I do miss yoga and often think about starting it again. Now I would probably do it by myself too. The only thing that prevents me is that it’s difficult to find time for everything I want to do: my other fitness aspirations, Feldenkrais, blogging and reading about fitness related stuff!

      I am jealous of your strength, Marion!! I would trade my flexibility for your strength any day. 🙂

      • Marion says:

        Hi Satu! I’m trying to problem-solve here. Different kinds of fitness compliment each other in magic ways. You could alternate different kinds of workouts like I do. I do yoga only 2 times per week.

        Also, you have a little more time in each of your days because you don’t have a slobby family like I do to take care of. I just tidied and vacuumed my teenage daughter’s room, which took about 20 minutes. I also dropped her off at school this morning, which took 35 extra minutes of my life. That is almost an hour that I spent just on her. My husband is really a messy person. I honestly could walk behind him all day and find stuff to tidy up. So, maybe, when I’m cleaning up after them (emphasis on “Maid” Marion married to Robin Hood here), on the other side of the earth, you can find enough time for your things too. <<Just ideas–feel free to disregard if you wish. 😀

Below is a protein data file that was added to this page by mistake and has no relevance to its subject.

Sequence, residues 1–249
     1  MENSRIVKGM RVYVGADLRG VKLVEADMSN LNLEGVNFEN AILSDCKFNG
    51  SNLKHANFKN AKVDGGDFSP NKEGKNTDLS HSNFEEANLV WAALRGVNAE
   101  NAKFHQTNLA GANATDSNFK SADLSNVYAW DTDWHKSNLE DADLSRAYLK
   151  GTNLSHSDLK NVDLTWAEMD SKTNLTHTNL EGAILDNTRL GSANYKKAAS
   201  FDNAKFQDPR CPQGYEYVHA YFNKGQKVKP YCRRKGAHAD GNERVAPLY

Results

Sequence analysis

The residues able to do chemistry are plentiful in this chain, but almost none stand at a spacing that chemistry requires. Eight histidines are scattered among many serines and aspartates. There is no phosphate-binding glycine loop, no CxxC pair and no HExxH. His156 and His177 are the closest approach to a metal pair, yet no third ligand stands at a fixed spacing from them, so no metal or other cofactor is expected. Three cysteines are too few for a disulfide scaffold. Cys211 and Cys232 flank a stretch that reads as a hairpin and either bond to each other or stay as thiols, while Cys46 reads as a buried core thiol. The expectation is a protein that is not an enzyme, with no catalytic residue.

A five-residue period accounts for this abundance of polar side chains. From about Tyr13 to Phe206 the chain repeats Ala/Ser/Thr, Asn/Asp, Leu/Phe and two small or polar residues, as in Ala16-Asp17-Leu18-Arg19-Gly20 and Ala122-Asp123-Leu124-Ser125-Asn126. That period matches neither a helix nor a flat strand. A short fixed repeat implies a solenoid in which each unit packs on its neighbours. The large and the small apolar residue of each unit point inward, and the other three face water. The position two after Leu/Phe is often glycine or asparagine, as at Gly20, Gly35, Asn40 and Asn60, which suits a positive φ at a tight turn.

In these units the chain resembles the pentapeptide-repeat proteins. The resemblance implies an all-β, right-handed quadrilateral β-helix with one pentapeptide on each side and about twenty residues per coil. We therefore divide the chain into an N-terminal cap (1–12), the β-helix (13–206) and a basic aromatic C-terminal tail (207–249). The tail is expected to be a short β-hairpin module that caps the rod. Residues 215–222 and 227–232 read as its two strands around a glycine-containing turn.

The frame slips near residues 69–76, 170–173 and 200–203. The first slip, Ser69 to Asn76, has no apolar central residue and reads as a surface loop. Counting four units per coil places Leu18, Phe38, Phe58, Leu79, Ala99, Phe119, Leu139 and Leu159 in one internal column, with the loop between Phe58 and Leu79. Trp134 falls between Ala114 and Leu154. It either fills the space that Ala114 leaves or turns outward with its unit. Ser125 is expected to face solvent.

🙂 Marion

        • Satu says:

          You’re probably right, Marion!

          I happen to be a very messy person myself, but I don’t use much time for cleaning my own messes. I means I should have plenty of time for yoga, especially if I don’t mind doing yoga along with some dust bunnies. 🙂